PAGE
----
Most of the discussion around the renewed food price spike is conducted in terms of world prices, dollar denominated. But people buy food in local currencies, which may or may not follow the dollar trend. UNICEF has a helpful new (30 page) paper out which looks at local food prices across 58 developing countries in 2010 and fills in some of the gaps in our knowledge. Here are some highlights:
“Our analysis shows that, on average, local food price indices in developing countries trail the global food price index closely, with a lag time of roughly one month in the current price run-up.”
The graph compares local v global food prices and shows both this lag, and more interestingly, the fact that local prices appear to be stickier – they rose with global prices in the first price spike, but then fell much less, and now are rising less fast as well, at least so far. However, there the good news ends:
“Low-income countries have experienced much larger food price increases than richer, middle-income countries. This trend appears to be consistent over time, becoming magnified during the 2007-08 food crisis and, again, growing pronounced in late 2010. For example, whereas low-income countries were paying an average of 8.3 percent more for foodstuffs in August 2010 compared to middle-income countries, this difference jumped to 12.6 percent as of November 2010.”
The paper examines policy responses to the price spike at both global and national levels using the same three pronged framework: supporting consumers to promote household food security, supporting producers to enhance the food supply and managing/regulating food markets to reduce the volatility of domestic food prices. The global stuff is fairly well known, so I’ll just focus on the national policy responses:
“Supporting consumption: Policy responses included food assistance (e.g. direct food transfers, food stamps/vouchers and school feeding programmes), price subsidies and controls, cash transfers, reduced consumption taxes and food-for-work schemes.
Boosting agricultural production: This mainly focused on providing subsidies and reducing taxes on grain producers, although some countries also offered other types of incentives to spur agricultural output, such as credit programmes for small farmers.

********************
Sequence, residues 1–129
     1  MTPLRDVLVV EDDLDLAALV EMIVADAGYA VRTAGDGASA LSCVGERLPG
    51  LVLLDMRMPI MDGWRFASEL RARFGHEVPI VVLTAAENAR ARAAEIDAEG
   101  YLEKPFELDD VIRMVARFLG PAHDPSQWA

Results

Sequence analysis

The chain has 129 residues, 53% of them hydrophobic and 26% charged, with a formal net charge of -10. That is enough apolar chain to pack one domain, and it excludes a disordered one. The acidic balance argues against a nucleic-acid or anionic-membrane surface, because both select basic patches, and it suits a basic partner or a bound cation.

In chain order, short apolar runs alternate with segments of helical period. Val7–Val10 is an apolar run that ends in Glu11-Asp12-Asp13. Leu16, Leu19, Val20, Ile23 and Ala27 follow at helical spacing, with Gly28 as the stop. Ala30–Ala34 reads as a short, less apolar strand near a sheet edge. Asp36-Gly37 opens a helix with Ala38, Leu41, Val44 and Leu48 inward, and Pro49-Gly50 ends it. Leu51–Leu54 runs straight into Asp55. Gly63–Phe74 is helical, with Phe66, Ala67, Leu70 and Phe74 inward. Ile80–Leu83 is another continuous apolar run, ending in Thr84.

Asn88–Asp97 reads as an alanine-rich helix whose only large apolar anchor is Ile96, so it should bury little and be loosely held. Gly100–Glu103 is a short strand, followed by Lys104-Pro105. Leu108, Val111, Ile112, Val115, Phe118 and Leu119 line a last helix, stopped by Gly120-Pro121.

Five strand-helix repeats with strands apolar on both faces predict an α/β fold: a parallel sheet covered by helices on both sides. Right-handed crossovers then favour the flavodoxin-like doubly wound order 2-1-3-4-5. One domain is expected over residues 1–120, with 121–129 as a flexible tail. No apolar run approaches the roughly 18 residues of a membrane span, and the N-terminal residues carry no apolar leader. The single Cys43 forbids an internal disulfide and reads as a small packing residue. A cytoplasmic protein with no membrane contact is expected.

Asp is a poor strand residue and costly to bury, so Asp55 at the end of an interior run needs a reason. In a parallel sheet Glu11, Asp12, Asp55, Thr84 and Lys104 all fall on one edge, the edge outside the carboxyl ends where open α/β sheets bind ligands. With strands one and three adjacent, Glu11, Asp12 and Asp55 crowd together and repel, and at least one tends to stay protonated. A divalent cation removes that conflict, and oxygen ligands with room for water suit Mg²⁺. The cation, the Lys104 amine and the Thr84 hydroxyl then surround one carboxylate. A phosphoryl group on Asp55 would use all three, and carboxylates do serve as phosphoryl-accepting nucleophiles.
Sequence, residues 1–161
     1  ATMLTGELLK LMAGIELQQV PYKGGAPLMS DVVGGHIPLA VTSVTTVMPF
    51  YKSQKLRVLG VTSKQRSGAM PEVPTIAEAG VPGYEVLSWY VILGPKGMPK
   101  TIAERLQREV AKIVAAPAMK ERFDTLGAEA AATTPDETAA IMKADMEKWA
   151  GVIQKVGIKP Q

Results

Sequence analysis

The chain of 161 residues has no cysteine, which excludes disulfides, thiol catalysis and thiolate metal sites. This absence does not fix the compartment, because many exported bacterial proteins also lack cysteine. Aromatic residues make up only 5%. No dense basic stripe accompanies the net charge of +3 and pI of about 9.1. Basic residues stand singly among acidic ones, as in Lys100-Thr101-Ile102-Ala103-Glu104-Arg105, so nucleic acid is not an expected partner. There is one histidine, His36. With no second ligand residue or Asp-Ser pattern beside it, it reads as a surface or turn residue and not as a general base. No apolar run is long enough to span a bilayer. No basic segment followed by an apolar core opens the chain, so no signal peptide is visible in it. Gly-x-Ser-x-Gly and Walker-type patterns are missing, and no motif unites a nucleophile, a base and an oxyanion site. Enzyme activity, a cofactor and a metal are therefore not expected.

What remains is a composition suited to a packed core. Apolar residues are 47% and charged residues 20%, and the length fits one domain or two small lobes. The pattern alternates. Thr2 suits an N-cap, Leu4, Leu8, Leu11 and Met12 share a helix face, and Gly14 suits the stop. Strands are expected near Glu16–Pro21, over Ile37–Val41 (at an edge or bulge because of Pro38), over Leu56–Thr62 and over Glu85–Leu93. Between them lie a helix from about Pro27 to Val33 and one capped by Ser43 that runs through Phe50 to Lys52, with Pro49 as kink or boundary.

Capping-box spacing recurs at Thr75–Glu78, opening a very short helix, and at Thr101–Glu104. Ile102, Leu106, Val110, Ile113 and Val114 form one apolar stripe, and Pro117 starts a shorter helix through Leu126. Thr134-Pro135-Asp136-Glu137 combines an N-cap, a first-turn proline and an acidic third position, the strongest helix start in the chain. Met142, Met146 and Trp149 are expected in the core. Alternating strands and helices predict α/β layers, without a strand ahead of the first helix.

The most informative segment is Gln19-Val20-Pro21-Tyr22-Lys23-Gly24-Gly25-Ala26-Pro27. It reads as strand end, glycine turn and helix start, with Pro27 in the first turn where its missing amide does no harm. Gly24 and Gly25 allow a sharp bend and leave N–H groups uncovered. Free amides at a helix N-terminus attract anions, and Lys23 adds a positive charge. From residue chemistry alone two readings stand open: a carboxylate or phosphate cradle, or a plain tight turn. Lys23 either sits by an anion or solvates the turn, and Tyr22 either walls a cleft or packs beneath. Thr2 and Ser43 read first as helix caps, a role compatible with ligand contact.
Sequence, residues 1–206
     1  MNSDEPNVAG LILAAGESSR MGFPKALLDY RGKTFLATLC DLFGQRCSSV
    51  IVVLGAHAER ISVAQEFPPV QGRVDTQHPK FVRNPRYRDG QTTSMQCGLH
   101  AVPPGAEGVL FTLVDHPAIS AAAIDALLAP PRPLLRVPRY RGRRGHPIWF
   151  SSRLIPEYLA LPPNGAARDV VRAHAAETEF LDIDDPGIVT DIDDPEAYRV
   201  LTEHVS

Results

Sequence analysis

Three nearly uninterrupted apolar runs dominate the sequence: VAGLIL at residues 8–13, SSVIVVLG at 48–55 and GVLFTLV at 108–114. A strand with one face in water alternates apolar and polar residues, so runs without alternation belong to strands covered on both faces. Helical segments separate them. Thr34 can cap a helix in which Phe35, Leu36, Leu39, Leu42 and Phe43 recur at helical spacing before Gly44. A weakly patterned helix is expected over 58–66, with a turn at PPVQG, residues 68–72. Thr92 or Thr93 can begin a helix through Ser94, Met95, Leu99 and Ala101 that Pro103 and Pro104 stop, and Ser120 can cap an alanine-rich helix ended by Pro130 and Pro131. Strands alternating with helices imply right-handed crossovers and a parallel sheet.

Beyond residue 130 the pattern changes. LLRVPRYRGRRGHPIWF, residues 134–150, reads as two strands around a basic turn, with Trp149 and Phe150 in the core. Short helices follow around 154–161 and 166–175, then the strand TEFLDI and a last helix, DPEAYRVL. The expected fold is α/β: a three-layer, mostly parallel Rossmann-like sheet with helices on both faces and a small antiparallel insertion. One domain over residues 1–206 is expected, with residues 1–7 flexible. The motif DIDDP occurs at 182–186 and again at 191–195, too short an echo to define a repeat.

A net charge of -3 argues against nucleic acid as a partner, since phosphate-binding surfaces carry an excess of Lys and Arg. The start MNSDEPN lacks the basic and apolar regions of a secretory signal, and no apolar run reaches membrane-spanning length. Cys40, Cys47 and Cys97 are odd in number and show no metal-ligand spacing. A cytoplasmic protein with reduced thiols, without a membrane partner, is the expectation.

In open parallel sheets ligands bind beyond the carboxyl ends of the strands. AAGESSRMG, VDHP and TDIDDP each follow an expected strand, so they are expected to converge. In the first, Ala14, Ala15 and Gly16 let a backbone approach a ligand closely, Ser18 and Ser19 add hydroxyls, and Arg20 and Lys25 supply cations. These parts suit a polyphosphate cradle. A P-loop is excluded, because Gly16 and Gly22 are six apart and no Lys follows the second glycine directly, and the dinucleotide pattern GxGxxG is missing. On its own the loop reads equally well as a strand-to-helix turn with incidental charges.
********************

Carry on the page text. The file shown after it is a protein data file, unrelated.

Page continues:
Managing and regulating food markets: Many developing countries tried to lower domestic food prices by encouraging imports and discouraging exports, most commonly by reducing import tariffs and/or introducing different export restrictions. Building up and releasing strategic food reserves was another frequently employed strategy to stabilize local food prices. A number of governments also intervened in food markets by restricting stockholding by private traders, imposing anti-hoarding measures and restricting futures trading of basic foods.
Out of 98 developing country governments, 75 have supported consumers, 57 have promoted agricultural production and 76 have intervened in food markets. Developing countries in Asia appear the most proactive in terms of supporting consumers and managing/regulating food markets when facing higher food prices, while countries in Sub-Saharan Africa are most inclined to foster agricultural production. Using an income lens, poorer countries are, on average, more reactive to higher food prices across all policy categories when compared to wealthier, upper middle-income countries.
Analysis of specific responses to rising commodity prices suggests that food assistance, production subsidies and lower tariffs are the most commonly adopted policies by developing countries… A large proportion of developing countries in our sample have also focused on stocking strategic food reserves in order to stabilize domestic market prices (43 percent).”
The paper goes into more detail on such responses, finding that low income countries opted for emergency food aid and universal price subsidies, while middle income countries preferred school feeding programmes. Overall, it found that most responses were (understandably) short-term and argues for a longer-term policy framework that acknowledges that price spikes are here to stay. Unsurprisingly (given that it’s UNICEF) it argues for a greater focus on children in the response.